Is string of pearls toxic to cats?
String of pearls (Curio rowleyanus, previously Senecio rowleyanus) is toxic to cats. The toxic principles are irritant sap and pyrrolizidine alkaloids which inhibit cell division primarily in the liver which can ultimately lead to liver failure if large quantities are consumed.
What is string of pearls?
- Family: Asteraceae
- Botanical name: Curio rowleyanus (formerly known as Senecio rowleyanus)
- Common names: String of Pearls, String of Beads, Rosary Vine
- Toxicity: Toxic to cats
- Toxic parts: All parts
- Severity: Moderate
- Toxic principle: Pyrrolizidine alkaloids and irritant sap
Named after the British botanist Gordon Douglas Rowley, string of pearls is a succulent vine native to southwest Africa. The string of pearls has become popular as an ornamental houseplant due to its interesting pearl-shaped leaves and cinnamon scented flowers. A healthy string-of-pearls can grow up to 3 feet long.
- Curio radicans, formerly Senecio radicans – String of bananas, String of beans
- Curio peregrinus, formerly Senecio peregrinus – String of dolphins
- Curio herreianus, formerly Senecio herreianus – String of watermelons, String of beads, String of raindrops
- Curio citriformis, formerly Senecio citriformis – String of tears
Despite its name change, Curio spp. remains toxic to cats. Hopefully, this information will be updated by the necessary resources. The ASPCA lists Senecio spp., as toxic to cats. Meanwhile, the University of California classifies the toxicity class of Senecio as 2 and 4.
2) Minor Toxicity: Ingestion of these plants may cause minor illnesses such as vomiting or diarrhea. If ingested, call the Poison Control Center or your doctor.
4) Dermatitis: The juice, sap, or thorns of these plants may cause a skin rash or irritation. Wash the affected area of skin with soap and water as soon as possible after contact. The rashes may be very serious and painful. Call the Poison Control Center or your doctor if symptoms appear following contact with the plants.
Symptoms of string of pearls toxicity in cats
Cats are unlikely to consume a large enough volume to develop clinical signs associated with liver failure. However, cats who are exposed to the irritant sap may develop localised mild skin irritation or rash and ingestion can lead to drooling, vomiting and diarrhea.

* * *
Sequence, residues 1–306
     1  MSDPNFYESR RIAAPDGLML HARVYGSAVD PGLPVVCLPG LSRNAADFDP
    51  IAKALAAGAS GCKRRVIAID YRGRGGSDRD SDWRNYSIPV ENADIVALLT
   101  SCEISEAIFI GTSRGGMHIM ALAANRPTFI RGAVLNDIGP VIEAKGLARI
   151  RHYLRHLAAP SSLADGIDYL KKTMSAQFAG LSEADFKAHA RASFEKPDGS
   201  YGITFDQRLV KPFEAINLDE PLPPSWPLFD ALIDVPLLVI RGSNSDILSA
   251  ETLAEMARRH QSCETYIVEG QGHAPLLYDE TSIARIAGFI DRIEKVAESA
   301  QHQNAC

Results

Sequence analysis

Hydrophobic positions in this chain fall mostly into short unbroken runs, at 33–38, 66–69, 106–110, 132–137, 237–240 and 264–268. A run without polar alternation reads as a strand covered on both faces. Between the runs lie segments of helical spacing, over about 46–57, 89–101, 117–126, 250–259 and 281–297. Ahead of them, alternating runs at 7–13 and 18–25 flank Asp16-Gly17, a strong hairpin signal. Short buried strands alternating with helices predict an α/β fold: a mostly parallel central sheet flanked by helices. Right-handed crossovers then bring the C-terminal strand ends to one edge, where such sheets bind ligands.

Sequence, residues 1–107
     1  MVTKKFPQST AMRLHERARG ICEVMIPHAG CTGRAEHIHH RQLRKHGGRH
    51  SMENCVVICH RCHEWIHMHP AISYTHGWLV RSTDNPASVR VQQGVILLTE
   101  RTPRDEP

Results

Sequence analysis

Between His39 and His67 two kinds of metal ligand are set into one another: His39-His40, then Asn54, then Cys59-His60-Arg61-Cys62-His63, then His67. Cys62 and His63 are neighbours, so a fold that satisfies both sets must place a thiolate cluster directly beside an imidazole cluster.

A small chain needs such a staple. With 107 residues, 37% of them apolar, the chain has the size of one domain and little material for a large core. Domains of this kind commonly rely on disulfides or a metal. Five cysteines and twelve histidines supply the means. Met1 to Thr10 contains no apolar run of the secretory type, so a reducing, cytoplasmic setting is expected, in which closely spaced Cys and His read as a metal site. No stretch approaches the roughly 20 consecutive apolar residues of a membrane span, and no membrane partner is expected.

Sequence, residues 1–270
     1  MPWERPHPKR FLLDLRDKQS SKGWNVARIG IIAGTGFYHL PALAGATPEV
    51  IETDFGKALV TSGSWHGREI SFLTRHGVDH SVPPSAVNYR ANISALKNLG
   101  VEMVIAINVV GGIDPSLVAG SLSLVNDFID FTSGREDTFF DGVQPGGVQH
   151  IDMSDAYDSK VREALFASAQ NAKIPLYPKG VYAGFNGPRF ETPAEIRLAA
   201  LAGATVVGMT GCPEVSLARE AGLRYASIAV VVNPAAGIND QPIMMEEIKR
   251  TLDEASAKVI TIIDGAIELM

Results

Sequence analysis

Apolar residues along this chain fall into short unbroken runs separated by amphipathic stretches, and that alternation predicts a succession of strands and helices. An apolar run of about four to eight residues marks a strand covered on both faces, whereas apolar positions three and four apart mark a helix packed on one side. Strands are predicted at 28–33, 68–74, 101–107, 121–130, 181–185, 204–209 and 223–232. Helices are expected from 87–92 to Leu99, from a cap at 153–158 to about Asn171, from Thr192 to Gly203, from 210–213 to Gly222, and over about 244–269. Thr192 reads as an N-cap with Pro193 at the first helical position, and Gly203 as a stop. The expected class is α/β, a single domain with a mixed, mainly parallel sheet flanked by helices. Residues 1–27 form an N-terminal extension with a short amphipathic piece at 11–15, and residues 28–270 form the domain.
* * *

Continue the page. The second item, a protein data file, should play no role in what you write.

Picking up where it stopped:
How to prevent string of pearls toxicity in cats
Unless the cat is ingesting large volumes of string of pearls and over a prolonged period, the risk of liver toxicity is extremely low. However, some cats will be attracted to non-food objects, including toxic plants and it is recommended that in this situation, the plant be removed from the house or placed in a room the cat can’t access.
Due to the cascading nature of string of pearls, these plants are usually grown in a hanging pot, which can make it more difficult for cats to nibble on the plant.
There are many cat-safe plants the green thumb can grow in the home.
Succulents non-toxic to cats
There are plenty of non-toxic succulents for plant lovers who share a home with cats.
- Sedum – Burro’s Tail, Horse’s Tail, Lamb’s Tail, Jelly Bean Plant
- Beaucarnea – Elephant’s Foot, Ponytail Palm
- Haworthia – Zebra Plant, Fairy Washboard, Star Cactus, White Ghost, Grey Ghost, Lime Green
- Sempervivum – Live Forever, Hen and Chicks, Houseleek
- Aeonium – Black Rose, Blushing Beauty, Sunburst, Zwartkop, Tree Houseleek, Aeonium black rose, Irish rose, Tree houseleek, Desert pinwheel rose
- Echeveria – Mexican Firecracker, Afterglow, Glaucous Echeveria, Mexican Hens, Topsy Turvy, Black Prince, Moulded Wax Agave, Blue Echeveria, Painted Lady, Copper Rose, Wax Rosette, Plush Plant, Mexican Rosette, Mexican Snowball